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'Everything comes from mindfulness' - Ghosananda

'Everything comes from mindfulness' - Ghosananda

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Samdech Maha Ghosananda - greed, anger and ignorance are the obstacles to peace.

In the ancient Pali language, the name Maha Ghosananda means Great Joyful Proclaimer.

The Venerable Ghosananda, 79, who lives in the United States, has spread his message

of peace by leading several Dhammayietras - walks for peace - during the 1990s when

the country was wracked by violence with the Khmer Rouge. Hundreds of monks and their

supporters followed Ghosananda through the war-ravaged areas of Cambodia to seek

peaceful reconciliation.

Is there a need for another Dhammayietra in the world, and if so, where?

Yes. Everywhere and at every moment, we need the Dhammayietra, like breathing

in and breathing out.

What do you think Cambodia has learned from the Dhammayietra?

It has changed from greediness, to non-greediness. From anger, to non-anger.

How do you think Cambodia can overcome what happened during the Pol Pot period?

We have to overcome greediness through charity, anger through loving kindness,

and ignorance through wisdom.

What should ordinary Cambodians do to achieve that?

They have to [be treating each other] ... with truthfulness and gratitude.

What role do you think monks should have in Cambodia's political future?

Monks are the leaders of the country. If [the people] have difficulties, they

come to the temple to solve their problems.

Do you think that monks should be able to vote in an election?

Monks are neutral.

Then they should be able to lead, but not to vote?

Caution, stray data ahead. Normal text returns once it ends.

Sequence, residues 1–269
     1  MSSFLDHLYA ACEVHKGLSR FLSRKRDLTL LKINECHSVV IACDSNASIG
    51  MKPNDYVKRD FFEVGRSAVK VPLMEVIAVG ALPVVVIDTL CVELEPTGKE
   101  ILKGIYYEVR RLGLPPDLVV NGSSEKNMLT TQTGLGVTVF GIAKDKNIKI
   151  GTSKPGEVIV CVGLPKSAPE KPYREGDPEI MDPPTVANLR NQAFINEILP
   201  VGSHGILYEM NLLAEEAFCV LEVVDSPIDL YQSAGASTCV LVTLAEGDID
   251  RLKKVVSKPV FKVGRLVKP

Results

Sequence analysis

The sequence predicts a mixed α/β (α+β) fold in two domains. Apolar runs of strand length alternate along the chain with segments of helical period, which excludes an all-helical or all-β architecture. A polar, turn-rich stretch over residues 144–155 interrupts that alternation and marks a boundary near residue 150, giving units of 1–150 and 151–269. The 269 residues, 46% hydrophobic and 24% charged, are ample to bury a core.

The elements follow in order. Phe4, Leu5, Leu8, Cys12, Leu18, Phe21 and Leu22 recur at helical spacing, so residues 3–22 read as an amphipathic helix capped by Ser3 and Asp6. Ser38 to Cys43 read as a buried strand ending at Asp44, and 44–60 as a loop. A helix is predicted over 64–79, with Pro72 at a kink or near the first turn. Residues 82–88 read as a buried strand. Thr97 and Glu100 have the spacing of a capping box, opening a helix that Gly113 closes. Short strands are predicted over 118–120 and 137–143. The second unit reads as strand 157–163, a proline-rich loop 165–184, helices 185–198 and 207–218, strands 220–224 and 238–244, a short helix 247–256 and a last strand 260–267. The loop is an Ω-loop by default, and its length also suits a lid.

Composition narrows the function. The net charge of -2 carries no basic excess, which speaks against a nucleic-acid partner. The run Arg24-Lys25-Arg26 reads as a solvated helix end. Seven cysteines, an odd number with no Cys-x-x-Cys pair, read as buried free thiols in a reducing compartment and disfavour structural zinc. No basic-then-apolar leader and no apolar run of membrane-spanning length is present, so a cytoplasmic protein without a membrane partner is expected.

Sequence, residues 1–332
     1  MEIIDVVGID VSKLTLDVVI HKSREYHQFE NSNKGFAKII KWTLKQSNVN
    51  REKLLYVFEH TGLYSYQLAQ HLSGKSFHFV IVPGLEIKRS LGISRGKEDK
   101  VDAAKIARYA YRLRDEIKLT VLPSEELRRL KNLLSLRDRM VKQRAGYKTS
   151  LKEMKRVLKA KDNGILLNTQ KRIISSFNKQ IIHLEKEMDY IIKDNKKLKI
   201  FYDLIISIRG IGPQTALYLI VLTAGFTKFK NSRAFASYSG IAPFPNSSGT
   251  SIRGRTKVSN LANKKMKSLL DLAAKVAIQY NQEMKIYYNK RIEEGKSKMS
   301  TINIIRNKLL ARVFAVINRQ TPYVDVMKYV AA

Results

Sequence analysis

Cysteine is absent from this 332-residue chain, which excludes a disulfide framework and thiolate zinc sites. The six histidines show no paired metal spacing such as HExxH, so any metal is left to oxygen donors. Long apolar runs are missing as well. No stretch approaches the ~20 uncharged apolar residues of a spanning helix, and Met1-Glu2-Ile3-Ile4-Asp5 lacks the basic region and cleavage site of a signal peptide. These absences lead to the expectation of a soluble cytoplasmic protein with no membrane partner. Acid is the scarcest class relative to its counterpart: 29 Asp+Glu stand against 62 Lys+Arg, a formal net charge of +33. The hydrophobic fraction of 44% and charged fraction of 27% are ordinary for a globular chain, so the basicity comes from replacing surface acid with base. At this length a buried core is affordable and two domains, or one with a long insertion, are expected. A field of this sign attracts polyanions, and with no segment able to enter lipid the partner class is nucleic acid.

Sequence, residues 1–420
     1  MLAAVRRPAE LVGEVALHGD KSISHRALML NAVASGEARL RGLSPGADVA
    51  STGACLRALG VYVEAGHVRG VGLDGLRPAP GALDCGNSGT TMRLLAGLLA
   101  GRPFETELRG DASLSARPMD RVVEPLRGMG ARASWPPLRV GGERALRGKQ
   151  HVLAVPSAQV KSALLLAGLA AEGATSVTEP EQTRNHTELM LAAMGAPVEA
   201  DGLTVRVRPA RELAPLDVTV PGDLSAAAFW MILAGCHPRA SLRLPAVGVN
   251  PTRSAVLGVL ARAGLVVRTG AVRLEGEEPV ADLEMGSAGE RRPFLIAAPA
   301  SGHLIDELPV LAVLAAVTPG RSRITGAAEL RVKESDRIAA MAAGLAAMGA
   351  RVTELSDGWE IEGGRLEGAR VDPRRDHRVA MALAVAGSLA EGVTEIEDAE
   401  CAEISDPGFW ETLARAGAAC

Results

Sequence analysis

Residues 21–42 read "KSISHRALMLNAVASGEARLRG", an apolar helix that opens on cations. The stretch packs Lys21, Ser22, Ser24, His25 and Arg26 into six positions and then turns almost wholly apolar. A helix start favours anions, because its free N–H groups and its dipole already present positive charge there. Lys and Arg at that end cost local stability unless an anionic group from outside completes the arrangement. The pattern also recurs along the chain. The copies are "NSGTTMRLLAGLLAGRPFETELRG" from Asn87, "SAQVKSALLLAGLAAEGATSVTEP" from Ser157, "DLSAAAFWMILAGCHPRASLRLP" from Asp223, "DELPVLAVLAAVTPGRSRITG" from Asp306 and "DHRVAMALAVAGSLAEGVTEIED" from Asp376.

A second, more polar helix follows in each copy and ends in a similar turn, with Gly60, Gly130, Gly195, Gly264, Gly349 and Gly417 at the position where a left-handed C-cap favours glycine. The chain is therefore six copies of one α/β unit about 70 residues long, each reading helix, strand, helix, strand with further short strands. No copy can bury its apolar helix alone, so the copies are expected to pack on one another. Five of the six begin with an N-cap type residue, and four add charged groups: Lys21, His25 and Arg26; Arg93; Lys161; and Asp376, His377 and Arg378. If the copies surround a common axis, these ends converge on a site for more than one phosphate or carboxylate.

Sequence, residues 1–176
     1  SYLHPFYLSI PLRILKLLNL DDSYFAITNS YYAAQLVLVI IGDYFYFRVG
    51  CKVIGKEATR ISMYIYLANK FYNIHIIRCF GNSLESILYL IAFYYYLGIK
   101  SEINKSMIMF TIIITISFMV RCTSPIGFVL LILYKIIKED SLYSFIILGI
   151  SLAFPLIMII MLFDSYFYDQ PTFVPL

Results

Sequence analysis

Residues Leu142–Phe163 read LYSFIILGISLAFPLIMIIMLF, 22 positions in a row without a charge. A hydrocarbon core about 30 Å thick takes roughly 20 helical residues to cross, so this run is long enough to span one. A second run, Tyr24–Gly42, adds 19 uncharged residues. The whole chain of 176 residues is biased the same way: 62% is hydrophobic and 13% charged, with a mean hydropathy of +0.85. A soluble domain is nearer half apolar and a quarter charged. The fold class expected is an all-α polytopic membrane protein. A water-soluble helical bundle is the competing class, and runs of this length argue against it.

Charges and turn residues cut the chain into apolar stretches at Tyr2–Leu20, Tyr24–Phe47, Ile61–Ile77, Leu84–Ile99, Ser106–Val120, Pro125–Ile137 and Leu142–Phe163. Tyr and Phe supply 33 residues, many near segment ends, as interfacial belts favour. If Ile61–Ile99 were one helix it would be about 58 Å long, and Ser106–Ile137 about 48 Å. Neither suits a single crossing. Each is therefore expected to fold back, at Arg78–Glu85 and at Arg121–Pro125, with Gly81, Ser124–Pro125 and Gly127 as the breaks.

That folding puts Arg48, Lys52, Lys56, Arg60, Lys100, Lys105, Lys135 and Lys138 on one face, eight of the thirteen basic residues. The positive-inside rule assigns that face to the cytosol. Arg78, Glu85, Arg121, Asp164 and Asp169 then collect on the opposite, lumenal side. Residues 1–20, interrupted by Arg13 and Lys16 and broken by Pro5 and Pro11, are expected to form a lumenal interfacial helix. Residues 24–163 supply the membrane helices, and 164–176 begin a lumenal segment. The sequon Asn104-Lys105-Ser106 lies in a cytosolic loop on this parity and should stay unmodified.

Yes, monks are also the teachers of the country.

Do you have advice for the next political leaders of Cambodia after the election?

Yes, three things: saija, khantie, khatanu. Saija means truthfulness, Khantie

means forbearance. Khatanu is gratitude. Every day we have to [give] thanks in six

directions ... our mother and father, our own teachers, our own family, our friends,

our religion, and the servants of the government.

What do you think about the destruction of Cambodia's forests? Is there a spiritual

value to Cambodia's forests for Khmer.

The destruction is because they are ignorant. Because they are greedy, because

they are angry ... We have to keep the triple precepts: morality, concentration and

wisdom. Yes, the middle path.

How can the destruction of Cambodia's forests be stopped?

We can stop [the destruction] through these precepts of morality, concentration

and wisdom.

Regarding the terrorist attacks of 2001 - how should the world respond to this

threat of terror?

We have to do the opposite thing. We have to do the opposite thing - if we are

greedy, we have to practice charity. If we are angry, we have to practice loving

kindness. If they are ignorant, we have to practice wisdom.

A lot of Buddhist philosophy is about being free from fear. How can people live

free from fear under the threat of terrorism?